- Three members to sit on the Hudson River Park Trust Board Members to advisory boards of Manhattan's municipal health facilities
- Thirty-five additional municipal advisory and tasks forces
Other important roles of the Borough President:
- Sits on the New York City Off-Track Betting Site Selection Board when the board is considering matters pertinent to OTB locations within the borough
- Serves as a Trustee to the New York City Employee's Retirement System
How should the Borough Presidency Be Expanded?
In order to look after the interests of the people of Manhattan, the Borough President should have the power to appoint:
- Members to the Board of the Lower Manhattan Development Corporation
- Some of the members of the Upper Manhattan Empowerment Zone Board
- Some of the members of the NYC Economic Development Corporation Board
- Special ambassadors to represent the interests of the people of Manhattan to the Empire State Development Corporation
The NY Post Is Very Wrong
We need the Borough Presidency to remain in place and to be strengthened. Perhaps the other NYC newspapers will advocate for the people of Manhattan to have their voice heard as the NY Post attempts to silence our voices.
Monday, August 4, 2008
1) The NYC government announced in late June 2008 its decision to test all adults in the Bronx for HIV/AIDS. The decision should be applauded, but it highlights our needs in Manhattan. Manhattan has the highest level of HIV infection and AIDS in NYC. The city government needs to focus its AIDS testing and prevention resources on Manhattan with at least as much commitment as it is demonstrating in the Bronx. The article below from the New York Daily News mentions Manhattan's needs in describing the NYC choice to begin its mass testing efforts in the Bronx. http://www.nydailynews.com/ny_local/bronx/2008/06/25/2008-06-25_aids_tests_for_500000_in_bronx.html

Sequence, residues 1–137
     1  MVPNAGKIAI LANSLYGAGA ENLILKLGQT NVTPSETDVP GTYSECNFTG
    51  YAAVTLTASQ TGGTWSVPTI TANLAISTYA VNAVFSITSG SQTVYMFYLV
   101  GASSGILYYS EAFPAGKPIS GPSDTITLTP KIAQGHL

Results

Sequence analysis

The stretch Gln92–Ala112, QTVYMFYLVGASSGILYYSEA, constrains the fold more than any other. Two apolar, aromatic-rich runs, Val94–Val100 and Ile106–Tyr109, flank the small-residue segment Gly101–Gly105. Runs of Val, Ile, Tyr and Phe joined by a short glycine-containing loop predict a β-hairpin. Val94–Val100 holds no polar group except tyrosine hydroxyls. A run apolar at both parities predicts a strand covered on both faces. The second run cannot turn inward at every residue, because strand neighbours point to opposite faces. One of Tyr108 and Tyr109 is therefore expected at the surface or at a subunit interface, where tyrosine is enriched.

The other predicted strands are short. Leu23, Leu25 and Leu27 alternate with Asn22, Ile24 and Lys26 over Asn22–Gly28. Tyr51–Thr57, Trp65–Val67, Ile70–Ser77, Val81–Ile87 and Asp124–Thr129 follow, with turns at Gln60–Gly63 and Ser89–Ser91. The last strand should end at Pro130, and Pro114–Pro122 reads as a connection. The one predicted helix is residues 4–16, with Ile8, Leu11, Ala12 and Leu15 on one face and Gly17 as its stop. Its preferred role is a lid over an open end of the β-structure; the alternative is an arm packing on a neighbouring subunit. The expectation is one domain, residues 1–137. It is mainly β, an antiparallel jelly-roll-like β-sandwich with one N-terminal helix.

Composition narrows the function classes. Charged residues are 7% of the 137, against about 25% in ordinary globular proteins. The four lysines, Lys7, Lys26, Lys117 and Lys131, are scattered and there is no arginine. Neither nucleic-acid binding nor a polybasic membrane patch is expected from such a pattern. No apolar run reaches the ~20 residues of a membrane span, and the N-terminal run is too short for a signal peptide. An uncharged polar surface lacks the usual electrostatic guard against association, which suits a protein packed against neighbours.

A 2004 report from the NYC Department of Health showed that Manhattan had 50% more AIDS cases than the Bronx and that Manhattan had far more individuals living with AIDS than any other Borough. Here is a link to that report. http://www.nyc.gov/html/doh/downloads/pdf/dires/epi-surveillance-manhattan200406.pdf
2) In late July 2008, CNN focused on the Alarming rates of AIDS in the African American community and the lack of commitment by the US Federal Government to prevention efforts in the United States. The US spends billions on AIDS prevention overseas but less than one billion dollars each year on domestic prevention. http://www.cnn.com/2008/HEALTH/conditions/07/29/black.aids.report/index.html
3) In Early August 2008, the Center for Disease Control announced that there were 40% more HIV positive individuals in the US than the CDC had previously believed. It is urgent that all in Manhattanites know their status and take steps to avoid the spread of HIV and AIDS. If the national numbers are 40% higher than previously believed, the Manhattan numbers might very well represent an even greater undercount. While we hope that Manhattan's numbers turn out to be more accurate than the CDC's national numbers of HIV infected individuals, only a strong testing regime will allow us to be certain. http://www.cnn.com/2008/HEALTH/conditions/08/02/hiv.cdc/index.html